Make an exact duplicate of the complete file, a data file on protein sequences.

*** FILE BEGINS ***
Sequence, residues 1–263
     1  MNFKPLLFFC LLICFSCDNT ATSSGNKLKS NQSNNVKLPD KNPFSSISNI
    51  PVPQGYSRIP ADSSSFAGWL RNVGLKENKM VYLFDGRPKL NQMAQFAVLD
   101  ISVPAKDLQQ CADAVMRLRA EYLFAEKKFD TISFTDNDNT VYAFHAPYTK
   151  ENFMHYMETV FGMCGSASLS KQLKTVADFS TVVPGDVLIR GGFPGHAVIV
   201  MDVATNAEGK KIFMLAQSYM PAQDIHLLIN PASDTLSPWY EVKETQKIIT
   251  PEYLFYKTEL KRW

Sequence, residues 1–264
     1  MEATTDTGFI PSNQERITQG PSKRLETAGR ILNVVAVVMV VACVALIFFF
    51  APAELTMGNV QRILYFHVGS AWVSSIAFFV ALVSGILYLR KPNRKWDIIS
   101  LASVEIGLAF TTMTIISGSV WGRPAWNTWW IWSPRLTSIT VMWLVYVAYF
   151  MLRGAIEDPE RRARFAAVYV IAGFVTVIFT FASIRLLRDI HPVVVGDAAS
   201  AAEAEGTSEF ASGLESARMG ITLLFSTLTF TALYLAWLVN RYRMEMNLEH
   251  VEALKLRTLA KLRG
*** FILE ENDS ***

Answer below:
Sequence, residues 1–263
     1  MNFKPLLFFC LLICFSCDNT ATSSGNKLKS NQSNNVKLPD KNPFSSISNI
    51  PVPQGYSRIP ADSSSFAGWL RNVGLKENKM VYLFDGRPKL NQMAQFAVLD
   101  ISVPAKDLQQ CADAVMRLRA EYLFAEKKFD TISFTDNDNT VYAFHAPYTK
   151  ENFMHYMETV FGMCGSASLS KQLKTVADFS TVVPGDVLIR GGFPGHAVIV
   201  MDVATNAEGK KIFMLAQSYM PAQDIHLLIN PASDTLSPWY EVKETQKIIT
   251  PEYLFYKTEL KRW

Sequence, residues 1–264
     1  MEATTDTGFI PSNQERITQG PSKRLETAGR ILNVVAVVMV VACVALIFFF
    51  APAELTMGNV QRILYFHVGS AWVSSIAFFV ALVSGILYLR KPNRKWDIIS
   101  LASVEIGLAF TTMTIISGSV WGRPAWNTWW IWSPRLTSIT VMWLVYVAYF
   151  MLRGAIEDPE RRARFAAVYV IAGFVTVIFT FASIRLLRDI HPVVVGDAAS
   201  AAEAEGTSEF ASGLESARMG ITLLFSTLTF TALYLAWLVN RYRMEMNLEH
   251  VEALKLRTLA KLRG